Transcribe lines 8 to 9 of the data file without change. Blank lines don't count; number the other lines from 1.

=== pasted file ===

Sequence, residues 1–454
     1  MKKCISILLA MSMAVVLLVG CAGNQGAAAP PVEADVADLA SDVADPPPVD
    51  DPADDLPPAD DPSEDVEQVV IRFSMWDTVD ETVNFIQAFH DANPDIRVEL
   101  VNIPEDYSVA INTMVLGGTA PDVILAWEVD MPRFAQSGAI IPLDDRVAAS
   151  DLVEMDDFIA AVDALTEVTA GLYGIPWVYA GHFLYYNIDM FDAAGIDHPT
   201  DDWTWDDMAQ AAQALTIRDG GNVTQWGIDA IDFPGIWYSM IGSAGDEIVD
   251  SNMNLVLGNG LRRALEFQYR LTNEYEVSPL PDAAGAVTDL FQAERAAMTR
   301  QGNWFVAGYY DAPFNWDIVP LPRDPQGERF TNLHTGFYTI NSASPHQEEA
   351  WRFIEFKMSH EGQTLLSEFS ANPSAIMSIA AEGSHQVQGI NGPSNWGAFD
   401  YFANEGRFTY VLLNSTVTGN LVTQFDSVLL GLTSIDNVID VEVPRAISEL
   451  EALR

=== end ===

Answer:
   301  QGNWFVAGYY DAPFNWDIVP LPRDPQGERF TNLHTGFYTI NSASPHQEEA
   351  WRFIEFKMSH EGQTLLSEFS ANPSAIMSIA AEGSHQVQGI NGPSNWGAFD